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David Schwake (RD, SNS) isn’t above dressing like a carrot or an apple if it will put a smile on a student’s face, and there is nothing he likes more than being swarmed by a room full of kindergarteners who can name the benefits of Vitamin A (“Eyes!”). Now the director of Litchfield Elementary School District #79, Schwake got his start in school foodservice by running for school board after his suggestion to implement school breakfast was met with resistance.

“They told me there weren’t enough kids [for breakfast] so … I got on the school board!” recalled Schwake with a laugh. “Eventually the other board members said it was the best idea we ever came up with; that’s what got me thinking about school nutrition, and it evolved from there.”

A baker’s son whose father “walked in and out the same shop door for 77 years”, Schwake pursued a college education and went on to work in many sectors of foodservice, from his own college bakery to hospitals and prisons. An RD with passion for feeding people, Schwake cites his father as an early inspiration.

“My dad, he told us to remember our friends and remember those in need,” he recalled. “We would be coming back from a delivery and he would turn down a road and send me to drop off some bread to an older couple. I didn’t know the term ‘food insecurity’ at the time—I would just go and hand them the bread, and leave. That must have put a seed in my head—you need to be caring about everyone in your community.”

When SNA past-president Jean Ronnei (SNS) met David at an Arizona food show, she knew immediately there was something special about him. They bonded iover a shared passion for reducing food waste, and Ronnei couldn’t help but admire Schwake’s work both inside and outside the school cafeteria.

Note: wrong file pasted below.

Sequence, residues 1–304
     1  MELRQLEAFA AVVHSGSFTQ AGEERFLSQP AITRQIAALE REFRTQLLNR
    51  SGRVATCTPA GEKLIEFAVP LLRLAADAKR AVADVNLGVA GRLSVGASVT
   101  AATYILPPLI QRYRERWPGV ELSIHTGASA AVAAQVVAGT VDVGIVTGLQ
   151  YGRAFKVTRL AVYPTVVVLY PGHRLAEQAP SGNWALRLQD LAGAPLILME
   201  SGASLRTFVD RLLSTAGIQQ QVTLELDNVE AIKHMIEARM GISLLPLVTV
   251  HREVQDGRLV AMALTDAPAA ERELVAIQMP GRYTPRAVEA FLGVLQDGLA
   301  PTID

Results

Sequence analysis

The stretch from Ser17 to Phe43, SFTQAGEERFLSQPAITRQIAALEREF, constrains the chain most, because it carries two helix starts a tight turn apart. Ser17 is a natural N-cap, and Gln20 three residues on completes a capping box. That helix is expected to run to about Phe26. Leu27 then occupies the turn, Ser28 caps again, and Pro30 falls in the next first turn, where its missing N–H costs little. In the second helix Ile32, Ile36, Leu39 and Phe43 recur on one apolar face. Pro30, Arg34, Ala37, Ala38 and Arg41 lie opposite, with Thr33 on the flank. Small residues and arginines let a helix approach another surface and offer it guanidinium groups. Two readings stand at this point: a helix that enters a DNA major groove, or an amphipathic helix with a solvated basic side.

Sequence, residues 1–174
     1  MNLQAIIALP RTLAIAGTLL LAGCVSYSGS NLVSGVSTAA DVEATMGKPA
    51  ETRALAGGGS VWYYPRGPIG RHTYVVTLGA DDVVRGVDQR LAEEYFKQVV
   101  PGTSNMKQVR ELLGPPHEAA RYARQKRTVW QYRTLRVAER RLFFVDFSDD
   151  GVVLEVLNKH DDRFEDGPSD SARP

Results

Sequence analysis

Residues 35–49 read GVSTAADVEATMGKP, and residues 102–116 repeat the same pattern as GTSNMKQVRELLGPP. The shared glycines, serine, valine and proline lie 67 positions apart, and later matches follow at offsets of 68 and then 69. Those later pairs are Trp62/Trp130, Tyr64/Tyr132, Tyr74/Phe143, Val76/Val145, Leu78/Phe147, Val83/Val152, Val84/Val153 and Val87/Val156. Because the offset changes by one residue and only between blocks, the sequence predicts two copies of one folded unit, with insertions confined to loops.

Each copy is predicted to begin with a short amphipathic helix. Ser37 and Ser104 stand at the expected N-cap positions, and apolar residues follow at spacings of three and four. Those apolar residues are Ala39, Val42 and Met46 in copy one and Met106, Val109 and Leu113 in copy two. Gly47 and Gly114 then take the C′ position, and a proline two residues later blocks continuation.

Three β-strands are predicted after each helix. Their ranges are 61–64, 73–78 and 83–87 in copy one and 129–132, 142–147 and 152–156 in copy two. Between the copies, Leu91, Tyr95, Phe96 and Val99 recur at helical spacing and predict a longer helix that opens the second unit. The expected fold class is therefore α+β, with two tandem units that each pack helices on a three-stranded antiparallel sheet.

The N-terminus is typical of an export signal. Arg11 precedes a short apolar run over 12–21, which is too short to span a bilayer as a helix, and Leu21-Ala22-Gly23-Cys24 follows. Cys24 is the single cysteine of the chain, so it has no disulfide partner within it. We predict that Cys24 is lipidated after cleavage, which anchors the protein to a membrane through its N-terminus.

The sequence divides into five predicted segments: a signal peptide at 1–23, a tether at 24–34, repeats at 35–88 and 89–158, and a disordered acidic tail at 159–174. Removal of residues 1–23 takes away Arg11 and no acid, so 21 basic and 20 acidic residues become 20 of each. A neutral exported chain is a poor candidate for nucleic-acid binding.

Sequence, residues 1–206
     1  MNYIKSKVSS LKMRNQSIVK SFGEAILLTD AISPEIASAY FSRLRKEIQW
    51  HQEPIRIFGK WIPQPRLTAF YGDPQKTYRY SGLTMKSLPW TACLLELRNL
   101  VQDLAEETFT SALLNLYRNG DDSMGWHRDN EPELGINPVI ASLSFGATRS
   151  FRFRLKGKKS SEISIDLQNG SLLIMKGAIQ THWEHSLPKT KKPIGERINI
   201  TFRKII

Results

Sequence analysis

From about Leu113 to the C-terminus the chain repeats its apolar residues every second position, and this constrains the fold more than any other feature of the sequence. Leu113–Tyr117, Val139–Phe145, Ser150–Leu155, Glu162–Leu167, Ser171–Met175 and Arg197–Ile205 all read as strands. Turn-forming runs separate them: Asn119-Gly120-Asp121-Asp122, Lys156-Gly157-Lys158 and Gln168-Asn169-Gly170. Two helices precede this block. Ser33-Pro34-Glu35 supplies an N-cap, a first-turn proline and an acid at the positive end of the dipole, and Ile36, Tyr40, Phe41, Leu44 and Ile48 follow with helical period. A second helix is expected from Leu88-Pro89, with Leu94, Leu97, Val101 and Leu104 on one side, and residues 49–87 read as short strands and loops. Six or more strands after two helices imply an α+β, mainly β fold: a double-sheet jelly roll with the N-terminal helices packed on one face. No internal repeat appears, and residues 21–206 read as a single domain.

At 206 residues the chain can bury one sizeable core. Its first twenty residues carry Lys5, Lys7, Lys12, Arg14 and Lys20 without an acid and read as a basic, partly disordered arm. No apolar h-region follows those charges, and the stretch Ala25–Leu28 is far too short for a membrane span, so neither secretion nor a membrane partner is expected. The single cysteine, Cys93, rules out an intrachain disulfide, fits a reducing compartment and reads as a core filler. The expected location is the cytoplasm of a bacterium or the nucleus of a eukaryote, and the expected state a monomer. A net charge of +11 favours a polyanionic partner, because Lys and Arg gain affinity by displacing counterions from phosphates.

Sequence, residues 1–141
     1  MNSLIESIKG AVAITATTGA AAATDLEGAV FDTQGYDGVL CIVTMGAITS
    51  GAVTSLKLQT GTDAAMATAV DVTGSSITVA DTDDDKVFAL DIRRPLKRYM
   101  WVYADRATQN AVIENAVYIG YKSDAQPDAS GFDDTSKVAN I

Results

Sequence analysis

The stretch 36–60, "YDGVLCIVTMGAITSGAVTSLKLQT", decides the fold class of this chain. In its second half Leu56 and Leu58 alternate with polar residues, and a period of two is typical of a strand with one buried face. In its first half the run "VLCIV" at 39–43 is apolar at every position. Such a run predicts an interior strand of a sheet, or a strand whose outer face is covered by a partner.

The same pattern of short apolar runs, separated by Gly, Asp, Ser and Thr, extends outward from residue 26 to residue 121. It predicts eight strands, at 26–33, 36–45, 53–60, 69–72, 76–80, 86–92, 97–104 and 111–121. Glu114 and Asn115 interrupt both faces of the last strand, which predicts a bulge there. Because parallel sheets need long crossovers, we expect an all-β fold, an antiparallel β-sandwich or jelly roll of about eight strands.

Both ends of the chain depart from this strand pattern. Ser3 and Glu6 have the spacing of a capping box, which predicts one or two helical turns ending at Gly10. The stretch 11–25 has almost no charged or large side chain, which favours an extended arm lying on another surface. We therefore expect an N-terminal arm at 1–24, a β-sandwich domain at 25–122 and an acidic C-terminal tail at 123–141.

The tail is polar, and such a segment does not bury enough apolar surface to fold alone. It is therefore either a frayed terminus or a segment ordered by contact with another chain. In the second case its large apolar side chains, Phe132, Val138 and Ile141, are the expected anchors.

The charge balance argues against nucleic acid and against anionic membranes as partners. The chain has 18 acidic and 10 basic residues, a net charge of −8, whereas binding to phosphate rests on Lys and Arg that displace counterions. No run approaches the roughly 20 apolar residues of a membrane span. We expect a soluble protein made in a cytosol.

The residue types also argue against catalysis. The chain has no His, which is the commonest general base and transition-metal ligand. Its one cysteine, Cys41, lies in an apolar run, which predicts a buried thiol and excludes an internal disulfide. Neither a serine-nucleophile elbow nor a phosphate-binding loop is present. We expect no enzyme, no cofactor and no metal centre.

“I know when you run across someone who is a hero, you want to promote that,” said Ronnei. “When you see something so incredibly special in someone—I couldn’t help myself. I felt like his story needed to be told, so I started snooping and put together the nomination!”

School nutrition is only one way Schwake puts his passion to nourish his community to work. He’s been a board member of the Association of Arizona Food Banks for nine years, and is in his third year of serving as Board President for Agua Fria Food & Clothing Bank. He built a backpack program, helped open a Kids Café that now serves 5,000 cold and 1,000 hot meals per day, and he is an active gleaner.

“I’m a huge believer in food banks and the work they do and I know how busy David would be in just his regular job,” said Ronnei. “When I learned about what he was doing above and beyond his regular job I was blown away. How does a person maintain a full work schedule, family activities, and do the things he does? I could not fathom doing that.”

Schwake himself admits he’s not quite sure where he gets the energy to get everything done, but he also says he’s not even close to finished.

“This is the easiest job I’ve ever had in my whole life, and I love it,” he said. “People say they work hard, but I say unless you’ve worked Mother’s Day at Olive Garden you can’t imagine what it’s like to work hard in foodservice! I’ve been doing this thirty years, and I don’t know if I’ll ever retire.” David cites mentors—starting with his father—for any successes he has achieved, and is quick to credit his community for supporting his efforts.

Ronnei says she hopes others will find inspiration from the community support Litchfield has shown Schwake.

“He takes opportunities where they are, and goes with them,” she said. “The work he did was not typical, in my perspective. And that his district allowed for that kind of collaboration with other non-profits I thought was unusual, and could speak to a way forward for others.”

 

Read more about David Schwake on Tray Talk, and learn about Litchfield Elementary School District #79 on their website.

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